United States District Court, D. New Jersey
B. KUGLER UNITED STATES DISTRICT JUDGE
Abdul Wali Saleem, is a prisoner confined at South Woods
State Prison in Bridgeton, New Jersey. He is proceeding
pro se with a civil rights complaint pursuant to 42
U.S.C. § 1983. At this time, the Court must screen the
complaint pursuant to 28 U.S.C. §§ 1915(e)(2)(B)
and 1915A to determine whether it should be dismissed as
frivolous or malicious, for failure to state a claim upon
which relief may be granted, or because it seeks monetary
relief from a defendant who is immune from suit. For the
reasons stated in this Opinion, the Court will permit the
complaint to proceed in part.
Court will construe the allegations of the complaint as true
for the purpose of this Opinion. Plaintiff names the
following individuals as Defendants: (1) Administrator Willie
Bonds; (2) unknown officers(s) of the South Wood State Prison
mail room staff; and (3) an Islamic chaplain, Dr. Yusef.
to the brief allegations in the complaint, at some point
prior to August 26, 2016, Unknown Officer opened Plaintiffs
incoming mail, which contained “pictures depicting
homosexuals.” (ECF No. 1, at 6). Unknown Officer then
showed the pictures to, among other people, Defendant Yusef,
an Islamic chaplain at the prison. On August 26, 2016,
officers turned Plaintiff away from prayer services at the
direction of Defendant Yusef.
Plaintiff wrote to the commissioner's office, the special
investigation division, and the prison administrator,
Defendant Bonds. Plaintiff does not elaborate on the contents
of those writings, the results thereof, or whether anyone is
still denying Plaintiff access to religious services.
now raises Fourth Amendment search and First Amendment free
exercise claims against the Defendants, alleging that the
opening of his mail violated the Fourth Amendment and that
the refusal to allow him to join prayer service violated the
First Amendment. The complaint only requests compensation for
the past, not present, violation of his right to practice his
religion. (ECF No. 1, at 5-7). As for injunctive relief,
Plaintiff seeks the termination of Unknown Officer's
employment and separate prayer services for Shiite Muslims.
STANDARD OF REVIEW
courts must review complaints in civil actions in which a
plaintiff is proceeding in forma pauperis. See 28
U.S.C. § 1915(e)(2)(B). District courts may sua
sponte dismiss any claim that is frivolous, is
malicious, fails to state a claim upon which relief may be
granted, or seeks monetary relief from a defendant who is
immune from such relief. See Id. According to the
Supreme Court in Ashcroft v. Iqbal, “a
pleading that offers ‘labels or conclusions' or
‘a formulaic recitation of the elements of a cause of
action will not do.'” 556 U.S. 662, 678 (2009)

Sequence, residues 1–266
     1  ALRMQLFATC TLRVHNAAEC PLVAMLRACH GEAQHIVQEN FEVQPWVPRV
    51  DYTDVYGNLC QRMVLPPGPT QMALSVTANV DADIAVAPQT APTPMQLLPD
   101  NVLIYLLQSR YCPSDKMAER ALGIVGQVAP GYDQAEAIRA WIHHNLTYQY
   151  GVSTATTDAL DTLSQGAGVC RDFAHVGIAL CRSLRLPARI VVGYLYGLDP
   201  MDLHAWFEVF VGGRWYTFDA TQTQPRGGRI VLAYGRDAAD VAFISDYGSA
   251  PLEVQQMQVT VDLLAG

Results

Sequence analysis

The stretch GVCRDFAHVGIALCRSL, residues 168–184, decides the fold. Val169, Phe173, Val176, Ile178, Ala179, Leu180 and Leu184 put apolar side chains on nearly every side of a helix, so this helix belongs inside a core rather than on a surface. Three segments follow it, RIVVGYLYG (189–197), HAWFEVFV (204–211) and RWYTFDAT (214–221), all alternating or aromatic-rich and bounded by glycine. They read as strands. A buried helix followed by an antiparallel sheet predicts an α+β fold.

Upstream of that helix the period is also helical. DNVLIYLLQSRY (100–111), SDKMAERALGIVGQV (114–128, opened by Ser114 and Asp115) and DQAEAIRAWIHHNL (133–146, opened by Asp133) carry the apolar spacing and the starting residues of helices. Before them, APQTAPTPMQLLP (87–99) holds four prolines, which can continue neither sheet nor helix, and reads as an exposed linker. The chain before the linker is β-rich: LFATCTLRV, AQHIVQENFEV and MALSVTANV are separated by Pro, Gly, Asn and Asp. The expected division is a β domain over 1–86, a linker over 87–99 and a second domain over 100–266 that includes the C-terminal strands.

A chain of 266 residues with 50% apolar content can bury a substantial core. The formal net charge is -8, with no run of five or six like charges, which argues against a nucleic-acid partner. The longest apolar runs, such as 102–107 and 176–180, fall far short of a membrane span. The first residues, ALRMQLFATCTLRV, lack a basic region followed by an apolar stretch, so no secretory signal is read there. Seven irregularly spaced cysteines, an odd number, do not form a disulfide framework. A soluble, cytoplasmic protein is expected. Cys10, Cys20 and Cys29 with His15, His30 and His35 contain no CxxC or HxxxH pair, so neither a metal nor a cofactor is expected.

(quoting Bell Atlantic Corp. v. Twombly, 550 U.S.
544, 555 (2007).
survive sua sponte screening for failure to state a
claim,  the complaint must allege
“sufficient factual matter” to show that the
claim is facially plausible. See Fowler v. UPMC
Shadyside, 578 F.3d 203, 210 (3d Cir. 2009). “A
claim has facial plausibility when the plaintiff pleads
factual content that allows the court to draw the reasonable
inference that the defendant is liable for the [alleged]
misconduct.” Iqbal, 556 U.S. at 678. Moreover,
while courts liberally construe pro se pleadings,
“pro se litigants still must allege sufficient
facts in their complaints to support a claim.” Mala
v. Crown Bay Marina, Inc., 704 F.3d 239, 245 (3d Cir.
2013) (citation omitted).
brings this action pursuant to 42 U.S.C. § 1983 alleging
violations of his civil rights guaranteed under the United
States Constitution. To succeed on a § 1983 claim, a
plaintiff must allege two things: first, a violation of a
right under the Constitution, and second, that a
“person” acting under color of state law
committed the violation. West v. Atkins, 487 U.S.
42, 48 (1988); Piecknick v. Com. of Pa., 36 F.3d
1250, 1255-56 (3d. Cir. 1994).
Claims Against Unknown Officer
argues that Unknown Officer violated Plaintiffs Fourth
Amendment rights when he opened Plaintiffs mail. (ECF No. 1,
at 4). The Supreme Court has held, however, that “the
Fourth Amendment proscription against unreasonable searches
does not apply within the confines of the prison cell,
” Hudson v. Palmer, 468 U.S. 517, 526 (1984).
Numerous courts, including from this District, have held that
Hudson also applies to searches of a prisoner's
incoming mail. See, e.g., Ali-X v. All the Employees of
the Mail Room Staffs, No. 12-3147, 2016 WL 5660459, at
*4 (D.N.J. Sept. 28, 2016) (collecting cases); Cooper v.
Atl. Cty. Justice Facility, No. 15-575, 2015 ...